I cooked it in the microwave and it was of a very different type to Jamie’s, being creamy rather than having a good proportion of vegetables. Although, both have a potato topping, rather than a pastry pie-crust.

It was well-worth buying, cooking and eating, at a cost of £3.80 for one.

Note the tomato sauce in the pictures. I’ve found some very dodgy fish pies and cooked some of my own, in my time, that needed it.

This one certainly did not!

Next time, I’ll cook it in the oven, although I think both methods will work, but you may get a different texture of pie.

March 15, 2018 Posted by | Food | , , , | 4 Comments

Why I’m Not Sorry About Kentucky Fried Chicken

The troubles of Kentucky Fried Chicken don’t bother me one smallest of an iota.

In fact as a coeliac, I think it is huge laugh.

This page on their web site is the allergy and nutrition list of their menu.

It is probably the most coeliac-unfriendly list, I’ve ever seen from a restaurant chain and treats our gluten-free dietary needs with contempt.

It says to me that KFC believe, that anybody who doesn’t eat gluten is a Grade A Pain-In-The-Arse, and deserves to be poisoned.

The people I feel sorry for are kids, who are coeliac, who probably miss out on a few parties.

I’ve never knowingly eaten any Kenchucky Fried Chicken products in the past and never will in the future, unless the chicken-free problems brought about by DHL, result in a menu that doesn’t try to kill me!

February 22, 2018 Posted by | Food, Health | , , | 1 Comment

Gluten Not Optional

I spent last night in the Ibis hotel at Karlsruhe and had a very good supper in Baden-Baden.

This morning, I’m on my way to Stuttgart, so I thought I’d pick up something at the station.

Usually, on German stations, I can find something like fruit, but here there were nothing gluten-free except a bag of McDonald’s fries, coffee etc and water.

I assume all German coeliacs are stick-thib, as they aren’t allowed to collect snacks on the run!

February 15, 2018 Posted by | Food | , | Leave a comment

Pizza Again Last Night

It’s not often, I’ve ate pizza two nights running, but last night I went to Pizzesco after Cielo di Berlino in Berlin.

Both were gluten-free and washed done with Lammsbrau gluten-free beer.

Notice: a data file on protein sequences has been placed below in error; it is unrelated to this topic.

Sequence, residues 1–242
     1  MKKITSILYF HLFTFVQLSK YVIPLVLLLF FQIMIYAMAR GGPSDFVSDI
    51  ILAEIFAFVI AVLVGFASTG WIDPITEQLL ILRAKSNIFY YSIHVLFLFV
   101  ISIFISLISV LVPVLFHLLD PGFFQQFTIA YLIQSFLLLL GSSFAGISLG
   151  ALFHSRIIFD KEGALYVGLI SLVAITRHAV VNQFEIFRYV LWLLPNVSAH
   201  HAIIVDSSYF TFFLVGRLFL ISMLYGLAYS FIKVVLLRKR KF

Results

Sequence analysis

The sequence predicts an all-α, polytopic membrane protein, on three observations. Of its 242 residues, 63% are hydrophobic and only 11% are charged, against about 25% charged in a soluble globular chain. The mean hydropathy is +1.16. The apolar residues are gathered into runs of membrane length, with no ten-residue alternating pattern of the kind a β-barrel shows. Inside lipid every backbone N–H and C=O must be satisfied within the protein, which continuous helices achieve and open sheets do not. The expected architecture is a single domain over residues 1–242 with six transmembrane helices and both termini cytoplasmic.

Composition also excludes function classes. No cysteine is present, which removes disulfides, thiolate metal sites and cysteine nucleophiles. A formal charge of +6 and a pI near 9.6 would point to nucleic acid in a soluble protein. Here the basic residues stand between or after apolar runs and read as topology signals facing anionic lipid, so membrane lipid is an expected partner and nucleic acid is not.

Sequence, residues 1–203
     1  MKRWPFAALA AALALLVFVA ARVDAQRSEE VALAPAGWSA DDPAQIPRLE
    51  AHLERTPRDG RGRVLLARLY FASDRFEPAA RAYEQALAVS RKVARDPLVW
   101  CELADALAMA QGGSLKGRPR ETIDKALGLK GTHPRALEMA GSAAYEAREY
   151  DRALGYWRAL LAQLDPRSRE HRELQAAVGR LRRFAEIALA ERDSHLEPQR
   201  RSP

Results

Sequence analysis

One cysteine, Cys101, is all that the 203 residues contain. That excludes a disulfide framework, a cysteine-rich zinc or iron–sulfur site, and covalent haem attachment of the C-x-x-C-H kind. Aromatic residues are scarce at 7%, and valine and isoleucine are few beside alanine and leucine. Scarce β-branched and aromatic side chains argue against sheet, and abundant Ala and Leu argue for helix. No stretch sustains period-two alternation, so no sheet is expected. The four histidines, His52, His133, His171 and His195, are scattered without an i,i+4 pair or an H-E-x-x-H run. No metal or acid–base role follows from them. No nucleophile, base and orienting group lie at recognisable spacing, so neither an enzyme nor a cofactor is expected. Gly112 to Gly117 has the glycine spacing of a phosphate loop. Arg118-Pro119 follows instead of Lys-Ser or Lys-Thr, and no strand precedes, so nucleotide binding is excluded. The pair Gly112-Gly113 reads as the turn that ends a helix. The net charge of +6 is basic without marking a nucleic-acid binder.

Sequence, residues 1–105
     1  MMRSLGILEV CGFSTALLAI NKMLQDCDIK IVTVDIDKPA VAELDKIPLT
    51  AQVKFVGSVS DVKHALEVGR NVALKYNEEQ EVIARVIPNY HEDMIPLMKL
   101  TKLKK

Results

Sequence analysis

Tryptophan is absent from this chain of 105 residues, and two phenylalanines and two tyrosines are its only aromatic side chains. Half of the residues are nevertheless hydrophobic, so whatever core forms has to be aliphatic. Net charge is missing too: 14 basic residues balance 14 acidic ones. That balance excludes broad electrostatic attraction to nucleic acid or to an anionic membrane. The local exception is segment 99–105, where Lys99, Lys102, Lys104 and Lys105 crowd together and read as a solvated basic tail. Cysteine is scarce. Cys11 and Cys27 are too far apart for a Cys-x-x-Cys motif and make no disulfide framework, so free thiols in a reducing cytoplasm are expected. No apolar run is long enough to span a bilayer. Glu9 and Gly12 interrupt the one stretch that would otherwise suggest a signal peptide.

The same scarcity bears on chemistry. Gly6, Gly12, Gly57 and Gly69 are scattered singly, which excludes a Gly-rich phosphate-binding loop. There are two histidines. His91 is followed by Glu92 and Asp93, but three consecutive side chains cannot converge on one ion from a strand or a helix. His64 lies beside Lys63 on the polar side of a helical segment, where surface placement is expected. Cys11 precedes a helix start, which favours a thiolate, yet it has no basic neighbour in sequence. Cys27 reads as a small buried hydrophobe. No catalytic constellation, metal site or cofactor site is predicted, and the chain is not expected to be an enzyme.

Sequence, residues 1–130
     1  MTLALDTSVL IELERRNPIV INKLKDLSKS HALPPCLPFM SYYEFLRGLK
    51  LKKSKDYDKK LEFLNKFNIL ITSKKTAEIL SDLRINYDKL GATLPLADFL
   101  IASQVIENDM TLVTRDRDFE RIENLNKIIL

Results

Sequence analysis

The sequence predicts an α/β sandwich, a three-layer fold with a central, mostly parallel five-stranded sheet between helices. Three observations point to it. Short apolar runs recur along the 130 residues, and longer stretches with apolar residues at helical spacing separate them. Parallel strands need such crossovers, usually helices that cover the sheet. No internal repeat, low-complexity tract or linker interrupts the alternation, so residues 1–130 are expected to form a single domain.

If you give Pizza Express 7 out of 10, then Berlin would be 8 and Munich 9 or 10.

The only trouble with Pizzesco is that it gets busier every time I go.

February 14, 2018 Posted by | Food | , , , , | 1 Comment

A Trip To Spandau

This morning I have taken the U7 line to Spandau Rathaus and explored the town.

I am actually writing this in a pleasant coffee house called Croissant, where I have enjoyed a mug of cappuccino and a chocolate brownie, that was marked gluten-free.

According to my guide book, there are things to see at Spandau, but it was just too cold for a full explore.

I shall soon be leaving to visit the Olympic Stadium.

February 12, 2018 Posted by | Food, Travel | , , | Leave a comment

Angelina Jolie Gene Testing For All?

The title of this post is the same as this article on the BBC.

This is said.

Testing all women for the “Angelina Jolie gene”, even if not considered at risk, would prevent cancers, save lives and is cost effective, say doctors.

Having lived for forty years with my wife, who suffered breast cancer and then a few years later died from a squamous cell carcinoma of the heart, I know a lot about the emotional problems of cancer.

Many cancers and other diseases, like my coeliac disease, can be found in our genes.

Our youngest son died of pancreatic cancer, which was probably not helped by his smoking and poor eating and health habits.

If he had been a coeliac, which could have been likely because of my genes, that wouldn’t have helped either! But he wouldn’t be tested!

Speaking for myself, my life might have been very different, if I had been genetically tested as a child!

In the future, genetic testing will become much more the norm, as doctors, researchers, scientists and engineers will reduce the cost of doing a full genetic test.

The BBC article also says this.

The study, published in the Journal of the National Cancer Institute, estimated the impact of screening all 27 million women over 30 in the UK.

They said it would:

  • prevent 64,500 more breast cancers
  • prevent 17,500 more ovarian cancers
  • save 12,300 more lives

The study also said mass screening would be cost-effective for the health service.

But why stop at breast and ovarian cancer?

I feel strongly, that anybody likely to be a coeliac, should be tested at birth.

Keeping to a gluten-free diet, is getting easier every year and research at institutions like Nottingham University has shown, that coeliacs on a gluten-free diet are significantly less likely to get cancer, than the general population.

 

 

 

 

January 18, 2018 Posted by | Health | , , , | 2 Comments